For this blog post, I thought that I’d go back to basics. After speaking with a few friends, I thought it was about time that I came out and wrote down what I have to share about creating web content:
- Don’t undervalue content. There are a lot of people out there that think anyone can write good content, and the only thing that matters is to get it up. You can pay people from third world countries to write up a storm, but any boost that you might get may be short lived. If you want repeat traffic, then you need to give people good, grammatically correct, well-written information.
- Write so people can understand what you have to say. Depending on your audience, people shouldn’t need a doctorate to read what you write. I’ve been told that the best content is written for 11th grade reading level. It’s also a good idea to use short sentences. It’s not that you have to talk down to people, it’s that you shouldn’t make them work to hard to understand what you’re trying to say.
- Do not use copyrighted materials without citations. That’s not only bad, it’s illegal. Make sure that you cite all quotations and give people the credit they deserve. You wouldn’t like it if they did that to you, would you? Adding links to the source is also a nice touch and is an easy way to let people know that you value what they have to say.
- Plagiarism is an academic issue. When you were in school, you had to worry about plagiarism, and for good reason. It’s a huge academic no-no. The same is not true for the real world. I often tell my editors that if they read a bunch of articles on a subject and come up with a combobulation of facts, they don’t need to cite each of the sources. This is perfectly legal. Even though they learned what they know by reading other sources, when they sit down to write they are writing from their own brains. (Note: In The Pet Wiki we’ll often add an external link section to articles so that people can see important sources.)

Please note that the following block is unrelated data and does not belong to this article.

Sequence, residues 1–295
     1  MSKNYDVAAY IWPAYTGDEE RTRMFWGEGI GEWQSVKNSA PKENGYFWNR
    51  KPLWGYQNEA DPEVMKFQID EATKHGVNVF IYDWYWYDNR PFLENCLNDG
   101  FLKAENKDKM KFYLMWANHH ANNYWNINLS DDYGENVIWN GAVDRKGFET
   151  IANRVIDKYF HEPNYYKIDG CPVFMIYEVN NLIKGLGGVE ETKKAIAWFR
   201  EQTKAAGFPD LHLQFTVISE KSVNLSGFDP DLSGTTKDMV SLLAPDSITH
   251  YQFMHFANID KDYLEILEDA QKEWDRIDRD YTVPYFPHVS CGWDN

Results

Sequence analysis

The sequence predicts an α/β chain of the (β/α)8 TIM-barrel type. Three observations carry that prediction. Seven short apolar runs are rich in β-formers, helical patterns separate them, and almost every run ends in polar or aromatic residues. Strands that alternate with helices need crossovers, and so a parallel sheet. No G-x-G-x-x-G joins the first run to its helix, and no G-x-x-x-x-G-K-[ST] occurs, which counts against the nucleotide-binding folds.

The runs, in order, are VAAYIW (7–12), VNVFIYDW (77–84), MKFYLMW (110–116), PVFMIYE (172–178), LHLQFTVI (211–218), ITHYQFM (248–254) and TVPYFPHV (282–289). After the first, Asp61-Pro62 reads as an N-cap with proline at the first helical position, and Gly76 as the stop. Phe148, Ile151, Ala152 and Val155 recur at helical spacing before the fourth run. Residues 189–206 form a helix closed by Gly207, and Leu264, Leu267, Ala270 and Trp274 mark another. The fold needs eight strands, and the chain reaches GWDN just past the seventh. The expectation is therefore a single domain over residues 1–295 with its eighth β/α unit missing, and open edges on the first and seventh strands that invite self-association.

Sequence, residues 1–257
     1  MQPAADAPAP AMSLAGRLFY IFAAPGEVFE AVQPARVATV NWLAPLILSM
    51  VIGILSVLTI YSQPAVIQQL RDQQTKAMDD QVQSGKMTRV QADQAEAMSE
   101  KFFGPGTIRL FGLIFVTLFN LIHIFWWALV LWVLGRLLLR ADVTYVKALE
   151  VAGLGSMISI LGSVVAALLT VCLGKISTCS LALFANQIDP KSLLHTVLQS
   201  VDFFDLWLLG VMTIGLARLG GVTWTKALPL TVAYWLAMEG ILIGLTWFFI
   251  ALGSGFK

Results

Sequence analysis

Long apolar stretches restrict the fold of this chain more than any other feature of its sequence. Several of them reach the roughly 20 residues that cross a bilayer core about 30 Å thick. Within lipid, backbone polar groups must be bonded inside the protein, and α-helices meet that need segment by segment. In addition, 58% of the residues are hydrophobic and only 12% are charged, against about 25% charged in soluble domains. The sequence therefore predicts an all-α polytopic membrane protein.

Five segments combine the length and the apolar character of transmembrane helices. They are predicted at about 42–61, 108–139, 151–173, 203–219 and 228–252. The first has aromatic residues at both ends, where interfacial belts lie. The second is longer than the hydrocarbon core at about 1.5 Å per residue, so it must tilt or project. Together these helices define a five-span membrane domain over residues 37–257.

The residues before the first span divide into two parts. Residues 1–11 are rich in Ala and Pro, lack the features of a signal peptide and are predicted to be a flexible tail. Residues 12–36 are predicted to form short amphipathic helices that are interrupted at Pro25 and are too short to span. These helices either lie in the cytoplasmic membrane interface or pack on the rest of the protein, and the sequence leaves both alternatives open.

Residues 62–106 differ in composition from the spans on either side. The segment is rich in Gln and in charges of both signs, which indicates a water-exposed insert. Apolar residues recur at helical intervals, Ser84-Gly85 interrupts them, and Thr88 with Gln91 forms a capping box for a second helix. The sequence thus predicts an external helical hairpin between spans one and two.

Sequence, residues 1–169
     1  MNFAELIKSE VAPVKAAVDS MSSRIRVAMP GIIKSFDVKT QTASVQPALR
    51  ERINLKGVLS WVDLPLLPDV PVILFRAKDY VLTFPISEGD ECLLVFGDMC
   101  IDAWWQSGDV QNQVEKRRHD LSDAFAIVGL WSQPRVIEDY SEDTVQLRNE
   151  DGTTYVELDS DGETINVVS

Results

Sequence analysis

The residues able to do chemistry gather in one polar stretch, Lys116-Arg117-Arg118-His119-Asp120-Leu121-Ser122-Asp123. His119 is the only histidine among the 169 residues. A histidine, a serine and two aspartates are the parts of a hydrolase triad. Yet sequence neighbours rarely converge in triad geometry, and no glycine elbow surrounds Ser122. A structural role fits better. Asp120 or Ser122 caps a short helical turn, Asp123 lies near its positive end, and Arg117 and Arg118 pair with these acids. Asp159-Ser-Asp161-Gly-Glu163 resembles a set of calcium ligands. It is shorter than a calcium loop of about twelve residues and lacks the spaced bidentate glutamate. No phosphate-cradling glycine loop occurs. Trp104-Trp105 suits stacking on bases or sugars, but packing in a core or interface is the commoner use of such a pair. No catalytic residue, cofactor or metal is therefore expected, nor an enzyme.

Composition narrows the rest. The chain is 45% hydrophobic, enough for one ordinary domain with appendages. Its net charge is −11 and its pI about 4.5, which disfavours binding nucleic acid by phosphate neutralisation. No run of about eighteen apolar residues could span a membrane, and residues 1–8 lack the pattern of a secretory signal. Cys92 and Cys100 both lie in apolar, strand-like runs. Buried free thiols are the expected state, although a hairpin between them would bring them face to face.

- Content goes beyond text. There are so many forms of content that are being used on the web, like pictures and videos and audio and presentations. It’s a good idea to mix it up to keep your readers engaged. Words are good and important, but in the ADHD world we live in, you can make a bigger impact and make it more exciting with a little bling.
- Find your voice. Each of us has a unique perspective of the world and a voice that’s all our own. Use it and write about your passion. It’s a lot easier to do that than to write about things you don’t really care about.
I know that I already said that you should write so that the reader doesn’t have to work hard to understand you, but there are some exceptions. For example, the great blogs that a bunch of my anipals write. They write in cat, dog and ferret talk, which is remarkably close to human speech, but can be a bit difficult for humans to read. If that’s your readership, go fur it (pun intended). It’s a great voice to have. Omer, my cat, and the author of Omer’s Scratching Post decided to use more human friendly talk. It’s still got cat-titude, but us lay people can read it too.
- It’s OK to be SEO savvy. SEO has a bad name, because too many people think it means things like writing the same keywords over and over again. Make sure to write titles that will let search engine users quickly know what your article is about. Also, it’s important to use the keywords so that your content will rank, just don’t go crazy with it. If your potential readership calls something a litter box, be aware that you won’t rank for that name if you omitted it from your content because you chose to call it a cat toilet.
- Read what you write. Even better, have someone else read it. It’s important to proof everything that you publish to the web. Someone else maybe able to catch mistakes that you just wouldn’t notice. If you don’t have someone else to do it for you, take a break and then re-read your stuff. Time will give you a fresh eye to catch mistakes.
I think that this covers the basics. I’ll try to get a list of resources together too. If you have anything to add, please let me know.
Image by richardjingram Some rights reserved.